Co Authored by Perry Sofferman
When using cloud services, the user is uploading data to available servers in the cloud provider’s server facility(ies). The type of data uploaded and the location of the server where that data is stored can potentially trigger export compliance issues for the user. In fact, the ultimate location of the particular server used to hold the user’s data may be unknown to either the user or the cloud provider. Data can be redirected to various servers in different countries in order to properly allocate server space based on fluctuations of usage in different time zones. It should be noted that this is only one example of several possible scenarios where the actual export of restricted data could occur inadvertently by the user.
Based on Advisory Opinions issued by the Bureau of Information and Security (“BIS”), there is guidance indicating that in scenarios where exports take place through means of cloud computing:
- (i) the cloud computing provider is not the exporter (the user is) and
- (ii) if foreign nationals employed by the provider access restricted data there may well be a deemed export of such data to such foreign national on the part of the user.
If, however, a cloud computing service provider is aware that the service will be used to support certain proscribed activities, then the provider will be obligated to properly acquire the necessary license. Neither the Directorate of Defense Trade Controls (DDTC) nor the Office of Foreign Asset Controls (OFAC) have yet provided substantive guidance on the subject of export regulations in relation to cloud computing, although OFAC has provided some limited guidance related to exports to Iran involving software and services incidental to personal communications. “Cloud Computing” remains an undefined term in the EAR, ITAR and OFAC regulations.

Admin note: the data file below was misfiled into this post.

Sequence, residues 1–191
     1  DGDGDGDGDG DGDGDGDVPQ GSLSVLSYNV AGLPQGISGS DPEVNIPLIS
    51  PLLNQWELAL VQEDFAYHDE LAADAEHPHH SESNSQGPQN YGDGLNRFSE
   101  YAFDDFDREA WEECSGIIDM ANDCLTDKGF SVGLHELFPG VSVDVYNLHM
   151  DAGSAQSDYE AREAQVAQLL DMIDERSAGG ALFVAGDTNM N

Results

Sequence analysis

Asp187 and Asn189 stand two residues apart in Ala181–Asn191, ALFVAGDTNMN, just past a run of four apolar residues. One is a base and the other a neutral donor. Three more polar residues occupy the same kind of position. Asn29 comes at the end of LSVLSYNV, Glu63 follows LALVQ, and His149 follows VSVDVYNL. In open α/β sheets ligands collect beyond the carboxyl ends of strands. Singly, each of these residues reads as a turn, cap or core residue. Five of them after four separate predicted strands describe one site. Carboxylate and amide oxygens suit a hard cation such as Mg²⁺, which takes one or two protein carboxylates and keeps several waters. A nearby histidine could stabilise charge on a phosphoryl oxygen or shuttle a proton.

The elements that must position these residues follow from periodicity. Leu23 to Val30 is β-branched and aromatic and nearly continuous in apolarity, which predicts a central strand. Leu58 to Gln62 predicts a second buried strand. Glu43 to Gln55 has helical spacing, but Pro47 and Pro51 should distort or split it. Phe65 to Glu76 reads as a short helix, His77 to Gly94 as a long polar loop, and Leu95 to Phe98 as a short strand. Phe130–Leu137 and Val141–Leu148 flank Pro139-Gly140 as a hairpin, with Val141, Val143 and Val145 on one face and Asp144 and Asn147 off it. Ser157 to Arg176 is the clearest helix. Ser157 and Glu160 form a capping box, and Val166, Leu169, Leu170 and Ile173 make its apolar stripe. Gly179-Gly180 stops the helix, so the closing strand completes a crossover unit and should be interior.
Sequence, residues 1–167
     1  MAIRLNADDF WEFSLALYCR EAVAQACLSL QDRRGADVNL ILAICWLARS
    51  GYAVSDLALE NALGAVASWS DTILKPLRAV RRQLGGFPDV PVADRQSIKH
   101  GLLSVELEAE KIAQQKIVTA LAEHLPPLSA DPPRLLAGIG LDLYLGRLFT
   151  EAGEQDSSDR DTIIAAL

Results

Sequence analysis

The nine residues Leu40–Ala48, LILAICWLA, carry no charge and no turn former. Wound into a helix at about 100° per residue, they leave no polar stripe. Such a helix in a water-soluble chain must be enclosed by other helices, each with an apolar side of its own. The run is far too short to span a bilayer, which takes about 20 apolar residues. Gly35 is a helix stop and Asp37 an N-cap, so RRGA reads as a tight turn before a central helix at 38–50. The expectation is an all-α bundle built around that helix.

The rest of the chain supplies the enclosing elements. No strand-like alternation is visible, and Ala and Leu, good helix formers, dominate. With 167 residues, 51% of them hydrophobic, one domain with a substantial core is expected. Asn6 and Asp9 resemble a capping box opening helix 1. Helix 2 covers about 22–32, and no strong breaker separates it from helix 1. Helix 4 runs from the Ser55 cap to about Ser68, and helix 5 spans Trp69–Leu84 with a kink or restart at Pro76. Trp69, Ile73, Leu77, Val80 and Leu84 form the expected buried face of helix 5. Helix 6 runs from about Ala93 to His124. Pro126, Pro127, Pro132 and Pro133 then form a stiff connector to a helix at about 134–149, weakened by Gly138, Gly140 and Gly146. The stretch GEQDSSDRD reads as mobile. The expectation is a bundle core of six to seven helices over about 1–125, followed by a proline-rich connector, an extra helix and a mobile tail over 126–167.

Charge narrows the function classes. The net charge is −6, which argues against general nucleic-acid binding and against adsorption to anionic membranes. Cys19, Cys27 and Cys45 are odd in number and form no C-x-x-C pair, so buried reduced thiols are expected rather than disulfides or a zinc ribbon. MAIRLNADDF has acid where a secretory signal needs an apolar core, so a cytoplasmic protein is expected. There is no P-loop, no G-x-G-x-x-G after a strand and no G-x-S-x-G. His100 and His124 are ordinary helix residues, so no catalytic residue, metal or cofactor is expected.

Top 5 Tips for Export Compliance Professionals in Regard to Cloud Computing
- It is critical for compliance officers and others involved in export control management, including providers of cloud computing services, to take steps to better familiarize themselves with the many complex issues at play in this area. A good start would be a detailed review of the BIS advisory opinions, which can be found here.
- In addition, users of cloud services should think about how to approach this issue with their providers. Users might consider gaining a good understanding of where their provider’s servers are located and whether the providers have instituted any safeguards to address export compliance issues. Likewise, providers may want to delve more deeply into the ITAR regulations with particular emphasis placed on the relation between cloud computing services and “brokering” activities.
- Compliance officers should make sure that members of their organizations are aware that export regulations are applicable to cloud services and that while the storage of data in the cloud might feel virtual, the penalties for export regulation violations remain brick and mortar.
- While exporters remain liable for violations of export regulations, compliance officers should work with their IT departments when negotiating terms to agreements with cloud services providers. For example, require the service provider to notify you in the event servers are added in geographic locations that might be problematic for you. See if it is possible to obtain a right to terminate in such instance. In addition, try to get the provider to indemnify you in the event there is an export violation as a result of a provider’s action or inaction.
- Make sure a review of how your organization uses cloud services is part of your standard compliance self-audit so as to identify any possible problems or lapses before they become significant.